This perception of discrimination, stereotyping and othering of the community echoed through the opinions of fisherwomen also. They do not like their profession, sitting on the roads and haggling with people over prices. They find their jobs disrespectful. One of the fisherwomen Saima* mentioned ‘I wouldn’t do this job if I had a choice, I want a respectable job, there is no respect in sitting on the roads, other women scorn us and look at us with disrespect and contempt.’

Fisherwomen face various problems, from social and economic, to illiteracy, lack of sanitation, lack of proper housing, etc. With such disparities, fisherwomen wouldn’t be able to overcome their ‘inferior‘ position in Kashmiri society. Owing to these problems, mostly emanating because of their caste, and class, these women’s dreams of having respectable jobs remain unfulfilled. 

In the research, Problems & prospects of Fisherwomen of Kashmir Valley, the authors mention, “Lack of any alternate employment also leads to many complications. They are forced to borrow money & it becomes difficult to pay back the money; the vicious circle of indebtedness continues. The fisherwomen also indicated low price for products and lack of assured markets as the main constraints. They sell their products to local households and in markets because of lack of a proper marketing channel.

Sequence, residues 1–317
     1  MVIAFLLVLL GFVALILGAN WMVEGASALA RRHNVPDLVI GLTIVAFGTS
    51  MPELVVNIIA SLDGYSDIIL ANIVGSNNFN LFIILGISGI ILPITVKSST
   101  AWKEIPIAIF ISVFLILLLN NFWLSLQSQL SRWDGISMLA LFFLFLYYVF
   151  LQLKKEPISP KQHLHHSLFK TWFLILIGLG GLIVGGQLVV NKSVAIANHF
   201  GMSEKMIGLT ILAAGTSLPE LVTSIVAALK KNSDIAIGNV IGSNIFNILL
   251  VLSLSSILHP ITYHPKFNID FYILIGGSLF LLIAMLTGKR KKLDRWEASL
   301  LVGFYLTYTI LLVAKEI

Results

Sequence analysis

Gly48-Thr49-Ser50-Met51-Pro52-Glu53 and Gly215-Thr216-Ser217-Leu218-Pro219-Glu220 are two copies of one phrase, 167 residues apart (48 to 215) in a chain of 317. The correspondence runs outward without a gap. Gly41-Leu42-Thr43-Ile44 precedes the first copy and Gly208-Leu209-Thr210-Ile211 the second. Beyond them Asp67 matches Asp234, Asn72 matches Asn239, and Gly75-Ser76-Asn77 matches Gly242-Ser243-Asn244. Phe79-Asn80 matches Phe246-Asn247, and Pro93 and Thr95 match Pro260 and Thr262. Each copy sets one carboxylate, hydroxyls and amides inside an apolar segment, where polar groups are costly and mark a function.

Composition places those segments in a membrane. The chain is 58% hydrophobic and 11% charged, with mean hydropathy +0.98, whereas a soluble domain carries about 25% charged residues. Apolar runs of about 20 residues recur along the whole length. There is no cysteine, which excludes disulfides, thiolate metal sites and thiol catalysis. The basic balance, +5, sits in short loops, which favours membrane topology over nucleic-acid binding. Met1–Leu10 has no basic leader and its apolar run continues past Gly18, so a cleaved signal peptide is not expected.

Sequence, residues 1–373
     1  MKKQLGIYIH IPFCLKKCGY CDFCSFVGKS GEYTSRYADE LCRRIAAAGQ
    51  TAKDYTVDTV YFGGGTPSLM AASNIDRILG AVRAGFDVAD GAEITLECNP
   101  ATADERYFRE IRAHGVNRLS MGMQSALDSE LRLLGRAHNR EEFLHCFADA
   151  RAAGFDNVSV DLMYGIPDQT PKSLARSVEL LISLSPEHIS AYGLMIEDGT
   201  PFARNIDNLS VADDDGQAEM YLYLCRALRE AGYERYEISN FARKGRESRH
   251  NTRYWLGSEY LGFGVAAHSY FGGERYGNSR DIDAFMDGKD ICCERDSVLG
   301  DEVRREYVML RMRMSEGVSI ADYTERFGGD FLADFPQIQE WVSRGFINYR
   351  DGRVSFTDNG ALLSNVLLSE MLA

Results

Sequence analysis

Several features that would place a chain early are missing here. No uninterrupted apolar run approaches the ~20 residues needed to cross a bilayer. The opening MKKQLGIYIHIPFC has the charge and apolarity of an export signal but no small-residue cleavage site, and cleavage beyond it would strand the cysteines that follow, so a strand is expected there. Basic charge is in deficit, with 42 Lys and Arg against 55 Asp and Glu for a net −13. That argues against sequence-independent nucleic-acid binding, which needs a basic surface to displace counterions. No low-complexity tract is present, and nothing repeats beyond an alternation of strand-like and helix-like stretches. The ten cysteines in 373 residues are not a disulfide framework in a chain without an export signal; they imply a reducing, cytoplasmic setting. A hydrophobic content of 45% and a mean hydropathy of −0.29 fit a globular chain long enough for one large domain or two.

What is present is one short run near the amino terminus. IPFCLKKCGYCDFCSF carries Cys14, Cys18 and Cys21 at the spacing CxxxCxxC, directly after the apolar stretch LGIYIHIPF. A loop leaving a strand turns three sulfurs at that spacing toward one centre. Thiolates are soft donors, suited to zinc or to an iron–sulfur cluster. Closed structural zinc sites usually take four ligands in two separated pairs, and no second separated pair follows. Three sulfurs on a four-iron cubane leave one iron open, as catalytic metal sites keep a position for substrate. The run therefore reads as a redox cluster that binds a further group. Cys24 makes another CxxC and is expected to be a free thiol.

Conflict and its manifestations on fisherwomen

The decades-long conflict has taken its toll on everyone in the valley. And fisherwomen are no exception. They sit on the sidewalks, on the curbs on bridges, in the bustling markets and even travel to far-off villages to sell the fish. Their unique position in the market puts their safety and security at risk. Kashmir has always been rampant with curfews, cross-firings, encounters, shutdowns and hartals, and such uninhabitable conditions put fisherwomen’s lives in danger

Source: Reuters/Danish Ismail

Despite the risks of sitting and selling their produce in treacherous situations, the fishing community has no other way to feed themselves and their families. Fishing is their sole source of income, and any disruption in their business can have severe consequences.